A Malaysian court found a veteran opposition leader guilty of sedition yesterday in the latest use of a law the government had pledged to abolish in the run-up to elections last year.
Democratic Action Party chairman Karpal Singh slammed the Sedition Act as a "relic", and called the case against him unfair. "It's political intimidation," said Singh, 73.
The outspoken, wheelchair-bound parliamentarian was found guilty of insulting one of the country's nine state sultans during a tussle over political control of Perak state in 2009.
He faces up to three years in prison, with sentencing set for March 7. The conviction, against which Singh plans to appeal, sparked further condemnation of the government's use of the decades-old Sedition Act.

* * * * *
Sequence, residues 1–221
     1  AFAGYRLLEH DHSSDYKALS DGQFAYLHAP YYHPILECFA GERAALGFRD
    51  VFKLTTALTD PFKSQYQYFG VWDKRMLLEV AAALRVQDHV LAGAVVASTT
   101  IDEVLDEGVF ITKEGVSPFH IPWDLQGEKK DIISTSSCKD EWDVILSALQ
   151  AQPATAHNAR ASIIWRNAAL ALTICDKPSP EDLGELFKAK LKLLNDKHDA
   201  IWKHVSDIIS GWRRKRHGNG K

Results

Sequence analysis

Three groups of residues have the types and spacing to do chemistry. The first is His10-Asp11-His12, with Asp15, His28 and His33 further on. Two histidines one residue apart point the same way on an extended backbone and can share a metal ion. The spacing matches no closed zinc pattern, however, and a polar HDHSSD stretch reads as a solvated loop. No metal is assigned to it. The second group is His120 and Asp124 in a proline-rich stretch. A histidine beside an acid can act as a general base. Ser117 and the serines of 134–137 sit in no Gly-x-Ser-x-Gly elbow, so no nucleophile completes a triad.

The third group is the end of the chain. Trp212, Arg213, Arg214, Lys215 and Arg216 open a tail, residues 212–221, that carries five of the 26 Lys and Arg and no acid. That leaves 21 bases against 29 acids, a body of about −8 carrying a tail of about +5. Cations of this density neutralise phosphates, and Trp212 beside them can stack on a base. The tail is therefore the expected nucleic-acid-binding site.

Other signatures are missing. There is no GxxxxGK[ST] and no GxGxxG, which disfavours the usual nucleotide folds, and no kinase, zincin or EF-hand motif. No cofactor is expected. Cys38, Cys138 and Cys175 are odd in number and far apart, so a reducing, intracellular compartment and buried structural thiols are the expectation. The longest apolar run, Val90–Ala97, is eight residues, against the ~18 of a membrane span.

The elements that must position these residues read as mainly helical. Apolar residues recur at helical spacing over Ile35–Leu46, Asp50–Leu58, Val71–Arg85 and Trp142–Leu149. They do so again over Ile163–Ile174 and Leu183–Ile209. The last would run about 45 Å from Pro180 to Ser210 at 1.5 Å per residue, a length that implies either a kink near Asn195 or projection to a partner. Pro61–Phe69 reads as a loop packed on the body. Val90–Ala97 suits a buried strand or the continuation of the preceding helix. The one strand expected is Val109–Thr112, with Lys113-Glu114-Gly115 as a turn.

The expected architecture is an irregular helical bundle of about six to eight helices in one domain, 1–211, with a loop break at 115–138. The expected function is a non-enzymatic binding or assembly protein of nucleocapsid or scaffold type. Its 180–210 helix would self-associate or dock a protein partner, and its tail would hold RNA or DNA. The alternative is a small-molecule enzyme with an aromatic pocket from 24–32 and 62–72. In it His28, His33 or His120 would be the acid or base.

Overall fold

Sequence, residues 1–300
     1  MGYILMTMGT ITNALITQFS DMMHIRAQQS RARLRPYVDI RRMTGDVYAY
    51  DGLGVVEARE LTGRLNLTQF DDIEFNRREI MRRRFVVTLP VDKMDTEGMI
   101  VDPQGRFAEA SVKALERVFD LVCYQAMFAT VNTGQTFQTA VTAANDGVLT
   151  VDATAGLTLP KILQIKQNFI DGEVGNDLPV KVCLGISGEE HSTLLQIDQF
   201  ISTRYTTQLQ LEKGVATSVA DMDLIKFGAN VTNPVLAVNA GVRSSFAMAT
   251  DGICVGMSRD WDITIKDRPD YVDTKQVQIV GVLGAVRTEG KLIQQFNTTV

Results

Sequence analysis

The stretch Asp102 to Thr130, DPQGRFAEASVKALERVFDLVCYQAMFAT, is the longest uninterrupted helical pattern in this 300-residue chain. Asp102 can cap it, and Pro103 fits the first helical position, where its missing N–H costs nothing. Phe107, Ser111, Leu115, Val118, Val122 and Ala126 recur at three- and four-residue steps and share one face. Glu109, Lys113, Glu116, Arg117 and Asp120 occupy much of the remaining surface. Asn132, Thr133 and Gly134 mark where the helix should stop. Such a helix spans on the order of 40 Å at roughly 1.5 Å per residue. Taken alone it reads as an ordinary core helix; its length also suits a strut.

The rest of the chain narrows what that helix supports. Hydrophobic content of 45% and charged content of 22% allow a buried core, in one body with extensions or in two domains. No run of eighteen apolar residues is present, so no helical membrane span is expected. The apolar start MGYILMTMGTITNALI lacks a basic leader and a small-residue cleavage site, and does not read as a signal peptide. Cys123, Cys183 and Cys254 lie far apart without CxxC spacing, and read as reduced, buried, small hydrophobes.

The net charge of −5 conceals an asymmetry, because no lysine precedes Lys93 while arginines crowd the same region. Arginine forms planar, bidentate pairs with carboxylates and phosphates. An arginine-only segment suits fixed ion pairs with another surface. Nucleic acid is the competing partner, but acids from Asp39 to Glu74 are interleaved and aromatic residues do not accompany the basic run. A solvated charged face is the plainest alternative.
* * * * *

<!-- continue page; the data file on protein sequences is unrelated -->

Prime Minister Najib Razak had pledged to abolish the act in 2012 as part of reform promises made to halt a slide in support for his long-ruling coalition.
But after retaining power with a weak showing in 2013 polls, Najib is believed to be under pressure from disgruntled conservatives in his ruling party to backtrack on reform.
Najib's office said the government "remains committed" to replacing the law, but gave no time frame. "Until new legislation is in place, existing cases must be tried under existing laws," it said in a statement. "This prosecution is a matter for the courts."
Other government critics are facing sedition charges brought since Najib's reform pledge.